Showing posts from July, 2018

Glorious Utah, through Escalante on Highway 12

We travelled through the small town of Escalante itself, another Mormon settlement,  and then we were driving through the wilderness area of Escalante National Monument. Again there were overlooks to see across vast distances, mainly at the head of dirt roads which lead into the interior of the Park.  The first of these was at the beginning of the 57 mile long Hole-in-the-Rock Trail, which follows the route taken by Mormon pioneers in 1879-80 to find a route across to the Colorado River. They managed to find the only gap in the otherwise impenetrable 400m cliffs that fringe Glen Canyon, and it took them 6 weeks to forge a route across using picks shovels and explosives. Finally they had to lower their wagons and animals  off from the cliff using block and tackle before building a raft to cross the river.
We saw a rather lovely wooden caravan here, obviously made to match the canoe.

Then it was short hop to the Head of the Rocks overlook, where we looked across the expanse of the Esca…

Glorious Utah, Highway 12 a great road trip

We had some lunch after we had finished our walk and then set out on the next stage of the trip. We were taking Highway 12 out of Bryce and then north through the edge of Escalante National Monument, final destination Capitol Reef. This road was carved by the Mormons who made their settlements along it's route. They kept animals,  and grew crops, forging a living from the hard stony soil along the way.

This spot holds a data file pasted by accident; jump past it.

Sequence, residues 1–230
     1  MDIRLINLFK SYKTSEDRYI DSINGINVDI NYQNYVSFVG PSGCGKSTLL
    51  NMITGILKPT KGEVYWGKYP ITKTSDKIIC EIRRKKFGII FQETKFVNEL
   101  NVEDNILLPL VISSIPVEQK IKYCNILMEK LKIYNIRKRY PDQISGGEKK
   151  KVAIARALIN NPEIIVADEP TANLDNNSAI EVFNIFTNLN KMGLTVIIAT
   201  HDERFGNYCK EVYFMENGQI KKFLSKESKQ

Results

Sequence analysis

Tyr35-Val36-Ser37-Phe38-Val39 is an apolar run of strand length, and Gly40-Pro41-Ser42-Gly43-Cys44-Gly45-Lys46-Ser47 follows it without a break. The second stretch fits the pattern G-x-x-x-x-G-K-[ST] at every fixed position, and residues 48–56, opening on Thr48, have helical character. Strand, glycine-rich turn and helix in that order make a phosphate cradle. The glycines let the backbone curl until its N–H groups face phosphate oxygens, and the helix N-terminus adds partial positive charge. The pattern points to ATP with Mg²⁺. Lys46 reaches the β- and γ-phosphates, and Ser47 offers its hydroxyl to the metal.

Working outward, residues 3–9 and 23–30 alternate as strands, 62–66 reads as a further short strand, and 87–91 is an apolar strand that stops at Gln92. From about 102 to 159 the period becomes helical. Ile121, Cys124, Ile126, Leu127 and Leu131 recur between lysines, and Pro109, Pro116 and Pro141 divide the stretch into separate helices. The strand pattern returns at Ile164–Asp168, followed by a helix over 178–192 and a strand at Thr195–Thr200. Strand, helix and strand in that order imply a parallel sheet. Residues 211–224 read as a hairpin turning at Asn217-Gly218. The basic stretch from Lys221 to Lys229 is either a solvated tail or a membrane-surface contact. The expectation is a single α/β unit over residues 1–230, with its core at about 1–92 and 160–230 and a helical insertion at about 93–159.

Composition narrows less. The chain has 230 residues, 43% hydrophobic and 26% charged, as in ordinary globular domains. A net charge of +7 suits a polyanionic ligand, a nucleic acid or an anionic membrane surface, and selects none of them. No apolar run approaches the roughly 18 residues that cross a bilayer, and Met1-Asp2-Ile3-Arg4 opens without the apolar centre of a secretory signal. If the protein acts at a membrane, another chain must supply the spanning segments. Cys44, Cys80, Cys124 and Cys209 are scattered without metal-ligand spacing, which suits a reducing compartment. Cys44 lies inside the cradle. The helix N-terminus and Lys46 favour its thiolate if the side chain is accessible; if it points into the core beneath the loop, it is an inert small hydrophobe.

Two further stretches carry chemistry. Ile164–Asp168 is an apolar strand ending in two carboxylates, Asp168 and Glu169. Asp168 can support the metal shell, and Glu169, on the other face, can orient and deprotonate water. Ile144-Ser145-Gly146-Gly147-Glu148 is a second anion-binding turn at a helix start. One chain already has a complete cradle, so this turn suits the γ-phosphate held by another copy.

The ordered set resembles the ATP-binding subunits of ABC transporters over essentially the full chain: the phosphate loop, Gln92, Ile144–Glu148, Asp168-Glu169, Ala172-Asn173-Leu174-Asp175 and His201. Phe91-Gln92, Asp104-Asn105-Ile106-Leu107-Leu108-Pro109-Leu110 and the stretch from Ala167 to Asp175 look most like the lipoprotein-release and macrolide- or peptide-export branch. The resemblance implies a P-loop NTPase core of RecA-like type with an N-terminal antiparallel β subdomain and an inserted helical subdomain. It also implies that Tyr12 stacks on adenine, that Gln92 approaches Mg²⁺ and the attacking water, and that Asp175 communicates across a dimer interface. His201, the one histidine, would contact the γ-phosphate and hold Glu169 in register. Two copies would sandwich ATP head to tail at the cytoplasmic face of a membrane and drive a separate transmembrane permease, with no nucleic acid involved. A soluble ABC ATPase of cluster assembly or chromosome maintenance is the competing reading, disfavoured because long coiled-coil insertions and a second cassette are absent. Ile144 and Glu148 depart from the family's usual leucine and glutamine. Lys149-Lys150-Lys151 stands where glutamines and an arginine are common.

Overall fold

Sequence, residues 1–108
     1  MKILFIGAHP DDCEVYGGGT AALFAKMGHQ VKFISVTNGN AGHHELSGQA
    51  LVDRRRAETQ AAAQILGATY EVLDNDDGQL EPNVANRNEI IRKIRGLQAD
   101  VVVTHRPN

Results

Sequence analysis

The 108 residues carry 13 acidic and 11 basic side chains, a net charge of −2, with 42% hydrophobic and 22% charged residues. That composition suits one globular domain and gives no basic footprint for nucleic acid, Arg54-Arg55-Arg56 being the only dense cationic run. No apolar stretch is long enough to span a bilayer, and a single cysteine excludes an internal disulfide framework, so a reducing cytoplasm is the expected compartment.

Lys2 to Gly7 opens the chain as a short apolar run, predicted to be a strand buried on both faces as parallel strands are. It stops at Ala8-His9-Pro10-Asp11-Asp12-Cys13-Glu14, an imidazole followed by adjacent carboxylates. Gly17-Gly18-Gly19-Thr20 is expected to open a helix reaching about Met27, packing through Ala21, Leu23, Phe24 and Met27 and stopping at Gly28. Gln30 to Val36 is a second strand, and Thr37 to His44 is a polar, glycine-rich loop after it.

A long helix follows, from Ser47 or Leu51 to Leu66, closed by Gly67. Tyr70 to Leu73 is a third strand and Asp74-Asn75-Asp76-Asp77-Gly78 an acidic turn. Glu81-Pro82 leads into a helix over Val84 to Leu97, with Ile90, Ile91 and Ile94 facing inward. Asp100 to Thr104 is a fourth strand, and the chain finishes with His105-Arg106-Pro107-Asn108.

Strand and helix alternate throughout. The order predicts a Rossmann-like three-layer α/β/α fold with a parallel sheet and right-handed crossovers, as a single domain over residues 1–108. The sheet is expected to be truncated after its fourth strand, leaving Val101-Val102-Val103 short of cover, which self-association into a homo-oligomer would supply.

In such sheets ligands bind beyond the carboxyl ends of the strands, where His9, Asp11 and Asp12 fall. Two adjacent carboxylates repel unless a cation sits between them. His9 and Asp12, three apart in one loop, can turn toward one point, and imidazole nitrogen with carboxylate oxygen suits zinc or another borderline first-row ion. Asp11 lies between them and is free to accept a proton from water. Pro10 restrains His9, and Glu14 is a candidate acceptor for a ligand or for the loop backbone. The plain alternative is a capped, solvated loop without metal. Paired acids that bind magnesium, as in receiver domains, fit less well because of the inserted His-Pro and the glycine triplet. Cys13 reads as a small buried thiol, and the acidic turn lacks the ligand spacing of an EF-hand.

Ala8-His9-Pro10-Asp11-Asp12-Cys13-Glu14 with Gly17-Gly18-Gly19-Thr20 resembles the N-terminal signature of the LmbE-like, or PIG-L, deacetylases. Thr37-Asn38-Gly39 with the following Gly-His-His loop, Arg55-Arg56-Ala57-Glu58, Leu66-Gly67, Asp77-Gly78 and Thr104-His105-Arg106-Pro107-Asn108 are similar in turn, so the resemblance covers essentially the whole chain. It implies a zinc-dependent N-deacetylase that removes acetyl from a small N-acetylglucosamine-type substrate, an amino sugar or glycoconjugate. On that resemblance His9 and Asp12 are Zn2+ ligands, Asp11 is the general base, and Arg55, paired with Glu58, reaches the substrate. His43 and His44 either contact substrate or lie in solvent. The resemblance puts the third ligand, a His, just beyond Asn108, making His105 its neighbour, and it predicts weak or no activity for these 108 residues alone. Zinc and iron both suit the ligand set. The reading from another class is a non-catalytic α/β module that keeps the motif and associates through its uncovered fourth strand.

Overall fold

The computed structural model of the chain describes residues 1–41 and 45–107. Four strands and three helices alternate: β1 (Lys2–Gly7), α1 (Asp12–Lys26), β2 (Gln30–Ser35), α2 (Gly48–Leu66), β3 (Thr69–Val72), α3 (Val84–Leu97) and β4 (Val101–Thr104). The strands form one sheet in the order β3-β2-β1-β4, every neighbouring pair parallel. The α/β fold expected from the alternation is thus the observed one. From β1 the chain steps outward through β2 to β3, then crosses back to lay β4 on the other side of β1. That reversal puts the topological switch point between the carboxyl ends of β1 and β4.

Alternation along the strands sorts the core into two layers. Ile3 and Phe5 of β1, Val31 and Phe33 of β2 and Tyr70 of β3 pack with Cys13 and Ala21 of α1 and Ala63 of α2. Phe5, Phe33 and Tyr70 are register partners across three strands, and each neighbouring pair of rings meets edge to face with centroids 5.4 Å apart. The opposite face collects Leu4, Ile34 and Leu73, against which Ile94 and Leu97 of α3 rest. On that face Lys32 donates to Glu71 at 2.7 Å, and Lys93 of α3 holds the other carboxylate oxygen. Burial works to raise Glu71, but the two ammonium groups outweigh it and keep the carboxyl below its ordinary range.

The soil changed colour from red to white and became thin. We were at the edge of the Kaiparowits Plateau which extends nearly to the border with Arizona and the Colorado River. By Henrieville we stopped to look at an impressive mesa set in former fields that had been so hopelessly overgrazed by thousands of sheep, that they were left barren. The Taylor Grazing Act was signed by Franklin D Roosevelt in 1934, during the Great Depression, to license and restrict the amount of grazing in order to stop land erosion. In fact only 5% of the land in Utah could be used for farming, and in …

Glorious Utah, walking the hoodoos

Inspired by the thought of walking around the hoodoos, we resolved to do the Navajo Loop Trail which runs on the floor of the Canyon between Sunset and Sunrise Points. I had already done this with Mike, but the weather on this day was different, and there is so much to capture anyway. You descend from Sunset Point down a steep path known as Wall Street, for obvious reasons. At the bottom of Wall Street are some tall Douglas firs which are beginning to grow higher than the hoodoos. Going down you get a good view of Thor's Hammer a well known landmark. The whole of the floor of the canyon seems to glow red from the light reflected from the rock and the floor of the Canyon. It was a great walk and I took far too many pictures, but what's new!